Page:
“Life moves pretty fast. You don’t stop and look around once in a while, you could miss it.”

November 3, 2009

Washington, DC Metro Station on a cold January morning in 2007. The man with a violin played six Bach pieces for about 45 minutes. During that time approximately. 2 thousand people went through the station, most of them on their way to work. After 3 minutes a middle aged man noticed there was a musician playing. He slowed his pace and stopped for a few seconds and then hurried to meet his schedule.

4 minutes later:
The violinist received his first dollar: a woman threw the money in the hat and, without stopping, continued to walk.

10 minutes:
A 3-year old boy stopped but his mother tugged him along hurriedly. The kid stopped to look at the violinist again, but the mother pushed hard and the child continued to walk, turning his head all the time. This action was repeated by several other children. Every parent, without exception, forced their children to move on quickly.

45 minutes:
The musician played continuously. Only 6 people stopped and listened for a short while. About 20 gave money but continued to walk at their normal pace. The man collected a total of $32.

1 hour:
He finished playing and silence took over. No one noticed. No one applauded, nor was there any recognition. No one knew this, but the violinist was Joshua Bell, one of the greatest musicians in the world. He played one of the most intricate pieces ever written, with a violin worth $3.5 million dollars. Two days before Joshua Bell sold out a theater in Boston where the seats averaged $100.

Joshua Bell playing incognito in the metro station was organized by the Washington Post as part of a social experiment about perception, taste and people’s priorities.

The questions raised:

*In a common place environment at an inappropriate hour, do we perceive beauty?

*Do we stop to appreciate it?

*Do we recognize talent in an unexpected context?

If we do not have a moment to stop and listen to one of the best musicians in the world, playing some of the finest music ever written, with one of the most beautiful instruments ever made…How many other things are we missing?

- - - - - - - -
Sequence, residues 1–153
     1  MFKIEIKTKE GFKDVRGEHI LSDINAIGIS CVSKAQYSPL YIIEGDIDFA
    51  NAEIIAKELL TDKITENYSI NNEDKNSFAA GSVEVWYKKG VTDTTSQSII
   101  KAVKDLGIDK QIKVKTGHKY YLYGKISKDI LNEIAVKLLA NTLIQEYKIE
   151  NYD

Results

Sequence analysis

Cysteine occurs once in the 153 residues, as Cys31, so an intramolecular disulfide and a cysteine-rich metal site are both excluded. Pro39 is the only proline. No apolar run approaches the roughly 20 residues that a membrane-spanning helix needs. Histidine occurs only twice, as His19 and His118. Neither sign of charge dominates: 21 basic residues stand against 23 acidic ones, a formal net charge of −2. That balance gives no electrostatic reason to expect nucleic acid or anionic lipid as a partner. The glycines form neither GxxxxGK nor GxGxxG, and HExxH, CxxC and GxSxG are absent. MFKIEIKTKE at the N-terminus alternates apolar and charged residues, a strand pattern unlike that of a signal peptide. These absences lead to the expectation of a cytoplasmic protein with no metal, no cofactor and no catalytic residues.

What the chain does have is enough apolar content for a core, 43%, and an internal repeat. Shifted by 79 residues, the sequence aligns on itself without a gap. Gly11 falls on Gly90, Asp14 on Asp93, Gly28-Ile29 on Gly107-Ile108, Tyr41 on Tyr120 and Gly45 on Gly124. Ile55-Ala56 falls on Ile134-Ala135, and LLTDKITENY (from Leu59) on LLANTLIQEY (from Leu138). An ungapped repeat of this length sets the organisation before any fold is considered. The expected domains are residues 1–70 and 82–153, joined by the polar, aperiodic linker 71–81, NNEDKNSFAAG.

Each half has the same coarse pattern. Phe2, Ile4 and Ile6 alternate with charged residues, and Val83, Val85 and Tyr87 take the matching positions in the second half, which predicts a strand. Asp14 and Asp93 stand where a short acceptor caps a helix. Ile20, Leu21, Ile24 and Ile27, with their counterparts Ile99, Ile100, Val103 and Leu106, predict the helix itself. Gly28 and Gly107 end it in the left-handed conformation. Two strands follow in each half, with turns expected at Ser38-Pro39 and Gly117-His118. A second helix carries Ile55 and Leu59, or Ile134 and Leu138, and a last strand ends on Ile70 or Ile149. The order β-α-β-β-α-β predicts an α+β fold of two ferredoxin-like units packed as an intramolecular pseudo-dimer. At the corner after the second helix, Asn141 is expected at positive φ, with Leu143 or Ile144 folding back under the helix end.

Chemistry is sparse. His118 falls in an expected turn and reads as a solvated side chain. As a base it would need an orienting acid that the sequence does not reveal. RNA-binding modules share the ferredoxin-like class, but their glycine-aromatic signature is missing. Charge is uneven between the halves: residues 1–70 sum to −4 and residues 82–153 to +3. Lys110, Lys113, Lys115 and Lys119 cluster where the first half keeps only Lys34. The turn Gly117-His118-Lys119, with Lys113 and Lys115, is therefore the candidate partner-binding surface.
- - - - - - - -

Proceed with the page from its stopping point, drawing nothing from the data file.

“I Got More Than a Feeling”

October 8, 2009

The perfect pastiche of pop past and present. Just a little pick me up for you Thursday afternoon.

“I Got More Than A Feeling” – Boston vs. Black Eyed Peas by Mad Mix Mustang.


“The real secret of Magic lies in the performance.”

June 11, 2009

At some point in the last 14 months, I became a die hard sports phan. I blame my boyfriend; watching ESPN and sporting events non-stop when we first started hanging out drove me bonkers, but now I can’t get enough of it. At first I would watch anything and everything: baseball, hockey, lacrosse, football, soccer…but the holy trinity that is basketball got me hook line and sinker. I can’t say that I’m a dedicated audience member during the regular season – I’ll watch the games at the gym but am hardly hardcore about them – but Playoff season gets me all bothered and hot. Last year, I was gunning for the Celtics (born and bred a Bostonian), this year, I’ve been up in the air. Maybe being a chick watching the games I just get a little distracted by all of the men; Howard’s shoulders/smile, King James prowess on the court/general hilariousness, Artest’s height and obnoxiously manicured hair, Odom’s domination of the court and love for candy…well, you get the idea. I knew that without Garnett, the Celtics were up a creek for the post season, but I couldn’t settle on an alternative team. Enter again the chick-in-me, and I’ve sided with the underdog for each series. Celtics, Rockets, Cavaliers, Magic…I’ve just been waiting for the Cinderella story ending. Magic could be it. If they can rival their 75% shooting from the field in the last game, keep getting threes out of Turkoglu, Lewis & Pietrus, and throw in some crowd pleasing dunks from Howard, their chances at tying up the series are strong. They’ve come too far to let the clock strike midnight just yet. In Game 4 tonight, I really hope Howard and co. find their glass slippers. And for the record, I believe in Magic.